The wedding guests included the who’s who of Gujarati royalty and virtually all of Rajasthan aristocracy. The bride was bedecked in finest Rajasthani heirloom jewellery which had been passed down from generations. The wedding festivities reflected the highly sophisticated tastes of the jet setting Rajpipla family as well as the extremely orthodox Jaisalmer family. The National Geographic carried it all in detail with great solemnity wanting to decode a Maharajah’s wedding for all their readers around the globe. Raghubir Singhji and Rukmani Devi’s son is the famous Prince Manvendra of Rajpipla. (Royalty at its best)
- Princess of Gwalior and Yuvraj of Kashmir (December 16, 1987)
Termed by New York Times as the ‘Wedding of the decade’ and considered to be the last of the grand royal weddings– Chitrangada Scindia, daughter of Madhavrao Scindia of Gwalior to Vikramaditya Singh, son of Dr Karan Singh of Jammu & Kashmir. The wedding was covered in NY Times, Washinton Post, San Fransico Chronicle and of course all well known Indian magazines and newspapers.
The Jai Vilas Palace glistened with a fresh coat of white paint and shone with thousands of tiny yellow lights and musicians played traditional ragas from all corners. The platforms of Gwalior railway station were paved with gleaming marble to welcome the wedding guests. More than 40,000 guests, including villagers who arrived in bullock carts, filled the grounds of Jai Vilas Palace A special helipad was built for the convenience of various dignitaries which included the entire cabinet as well as Kings of Nepal and Bhutan. In the gold plated banqueting hall, the famous Scindia silver train carried wine and port for guests chugging on its rails of silver. The wedding of Chitrangada Scindia is remembered as one of the most opulent royal weddings ever and is used as a benchmark to measure the grandeur of the weddings even after two decades! (No wonder it is ‘The wedding of the decade’)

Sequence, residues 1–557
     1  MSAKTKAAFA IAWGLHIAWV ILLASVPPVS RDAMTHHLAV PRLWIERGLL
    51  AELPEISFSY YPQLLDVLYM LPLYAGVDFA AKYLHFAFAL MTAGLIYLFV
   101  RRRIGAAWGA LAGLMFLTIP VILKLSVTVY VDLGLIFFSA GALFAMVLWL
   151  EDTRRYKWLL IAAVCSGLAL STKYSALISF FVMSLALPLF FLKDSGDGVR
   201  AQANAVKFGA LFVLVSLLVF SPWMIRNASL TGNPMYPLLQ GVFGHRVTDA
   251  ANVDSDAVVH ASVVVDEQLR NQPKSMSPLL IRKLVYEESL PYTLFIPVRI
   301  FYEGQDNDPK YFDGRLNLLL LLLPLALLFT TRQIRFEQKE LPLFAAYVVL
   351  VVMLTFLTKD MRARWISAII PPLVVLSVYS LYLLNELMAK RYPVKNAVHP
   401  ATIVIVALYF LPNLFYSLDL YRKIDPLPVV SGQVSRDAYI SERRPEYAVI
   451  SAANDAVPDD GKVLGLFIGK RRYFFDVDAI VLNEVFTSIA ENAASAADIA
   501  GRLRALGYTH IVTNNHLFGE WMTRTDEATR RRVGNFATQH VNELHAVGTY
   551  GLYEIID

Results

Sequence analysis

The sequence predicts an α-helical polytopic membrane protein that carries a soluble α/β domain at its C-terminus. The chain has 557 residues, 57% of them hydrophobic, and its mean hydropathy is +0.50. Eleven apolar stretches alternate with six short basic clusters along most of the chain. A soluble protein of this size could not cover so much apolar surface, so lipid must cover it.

- Srikantadatta Narasimharaja Wadiyar married Pramoda Devi ( 1976 )
When Srikantadatta Narasimharaja Wadiyar married Pramoda Devi from the Bettada Kote Ursu family of the erstwhile princely state of Mysore in February 1976, the whole city was in a festive mood, making history in its own opulent way. Needless to say the wedding was a grand affair in itself. Apart from a wide assortment of delicacies it was Pramoda Devi who stole the show. Least to say pomp and grandeur were the order of the day.
Now given the fact that the royal wedding in Mysuru has been slated to be a ‘simple’ affair, only time will eventually say what’s in store on the ‘big day’ and the rest as they say will surely be a royal history for keeps.
City Today, on behalf of its readers, wishes Yaduveer and Trishika! -Happiness for the rest of their wonderful lives together!